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Production of a bilayered self-assembled skin substitute using a tissue-engineered acellular dermal matrix

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Our bilayered self-assembled skin substitutes (SASS) are skin substitutes showing a structure and functionality very similar to native human skin. These constructs are used, in life-threatening burn wounds, as permanent autologous grafts for the treatment of such affected patients even though their production is exacting. We thus intended to shorten their current production time to improve their clinical applicability. A self-assembled decellularized dermal matrix (DM) was used. It allowed the production of an autologous skin substitute from patient's cells. The characterization of SASS reconstructed using a decellularized dermal matrix (SASS-DM) was performed by histology, immunofluorescence, transmission electron microscopy, and uniaxial tensile analysis. Using the SASS-DM, it was possible to reduce the standard production time from about 8 to 4 and a half weeks. The structure, cell differentiation, and mechanical properties of the new skin substitutes were shown to be similar to the SASS. The decellularization process had no influence on the final microstructure and mechanical properties of the DM. This model, by enabling the production of a skin substitute in a shorter time frame without compromising its intrinsic tissue properties, represents a promising addition to the currently available burn and wound treatments.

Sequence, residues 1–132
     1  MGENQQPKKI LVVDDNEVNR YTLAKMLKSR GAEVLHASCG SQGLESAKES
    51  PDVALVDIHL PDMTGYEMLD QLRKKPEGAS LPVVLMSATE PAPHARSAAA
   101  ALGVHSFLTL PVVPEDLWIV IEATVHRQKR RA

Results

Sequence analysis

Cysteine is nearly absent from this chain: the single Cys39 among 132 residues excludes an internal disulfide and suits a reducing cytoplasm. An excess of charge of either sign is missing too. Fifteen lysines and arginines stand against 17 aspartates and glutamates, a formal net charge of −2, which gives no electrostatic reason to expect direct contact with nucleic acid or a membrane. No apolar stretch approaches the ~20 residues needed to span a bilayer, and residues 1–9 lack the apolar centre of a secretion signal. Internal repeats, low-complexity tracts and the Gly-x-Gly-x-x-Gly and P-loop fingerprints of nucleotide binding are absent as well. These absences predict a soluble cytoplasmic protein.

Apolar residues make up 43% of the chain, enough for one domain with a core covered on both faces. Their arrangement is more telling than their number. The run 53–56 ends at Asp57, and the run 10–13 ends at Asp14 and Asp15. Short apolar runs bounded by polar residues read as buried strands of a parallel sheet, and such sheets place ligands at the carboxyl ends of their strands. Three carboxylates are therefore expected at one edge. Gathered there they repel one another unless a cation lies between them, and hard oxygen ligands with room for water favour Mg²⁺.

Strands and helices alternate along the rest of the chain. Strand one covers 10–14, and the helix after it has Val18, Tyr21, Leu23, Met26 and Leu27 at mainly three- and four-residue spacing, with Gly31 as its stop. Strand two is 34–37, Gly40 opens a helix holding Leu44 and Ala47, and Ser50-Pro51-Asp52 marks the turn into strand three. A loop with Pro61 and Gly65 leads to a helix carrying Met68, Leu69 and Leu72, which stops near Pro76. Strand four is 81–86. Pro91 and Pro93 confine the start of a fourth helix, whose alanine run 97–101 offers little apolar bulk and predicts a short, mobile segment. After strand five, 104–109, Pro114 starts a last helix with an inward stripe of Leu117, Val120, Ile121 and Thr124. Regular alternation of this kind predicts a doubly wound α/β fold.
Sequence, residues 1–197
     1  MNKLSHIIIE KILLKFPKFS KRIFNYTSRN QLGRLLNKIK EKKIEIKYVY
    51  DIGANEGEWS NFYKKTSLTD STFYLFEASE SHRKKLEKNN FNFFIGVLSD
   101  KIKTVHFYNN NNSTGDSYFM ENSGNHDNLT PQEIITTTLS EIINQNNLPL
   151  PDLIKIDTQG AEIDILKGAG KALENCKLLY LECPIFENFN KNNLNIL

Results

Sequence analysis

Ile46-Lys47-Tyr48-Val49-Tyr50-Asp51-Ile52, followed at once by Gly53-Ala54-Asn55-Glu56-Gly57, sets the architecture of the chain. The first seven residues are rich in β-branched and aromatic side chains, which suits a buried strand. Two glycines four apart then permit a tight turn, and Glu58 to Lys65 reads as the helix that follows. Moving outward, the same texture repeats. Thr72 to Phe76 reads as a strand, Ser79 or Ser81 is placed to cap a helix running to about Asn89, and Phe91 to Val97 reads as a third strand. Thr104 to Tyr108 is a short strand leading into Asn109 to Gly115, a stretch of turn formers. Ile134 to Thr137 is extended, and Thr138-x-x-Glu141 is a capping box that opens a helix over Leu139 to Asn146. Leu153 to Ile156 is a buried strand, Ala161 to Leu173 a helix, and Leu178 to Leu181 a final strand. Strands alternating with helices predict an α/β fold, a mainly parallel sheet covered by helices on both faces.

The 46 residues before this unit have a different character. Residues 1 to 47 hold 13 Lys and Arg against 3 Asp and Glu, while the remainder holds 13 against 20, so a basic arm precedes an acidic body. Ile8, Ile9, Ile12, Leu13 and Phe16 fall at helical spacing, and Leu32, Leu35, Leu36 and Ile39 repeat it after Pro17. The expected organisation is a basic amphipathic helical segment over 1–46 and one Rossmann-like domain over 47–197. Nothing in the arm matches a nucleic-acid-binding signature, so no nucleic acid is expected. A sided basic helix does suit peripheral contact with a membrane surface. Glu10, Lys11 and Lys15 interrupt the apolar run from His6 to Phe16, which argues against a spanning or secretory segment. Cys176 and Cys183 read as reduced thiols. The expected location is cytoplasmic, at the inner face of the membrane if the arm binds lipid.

Tissue engineering. Part C, Methods, Vol. 21 (12), 1297-1305 (2015)
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article de recherche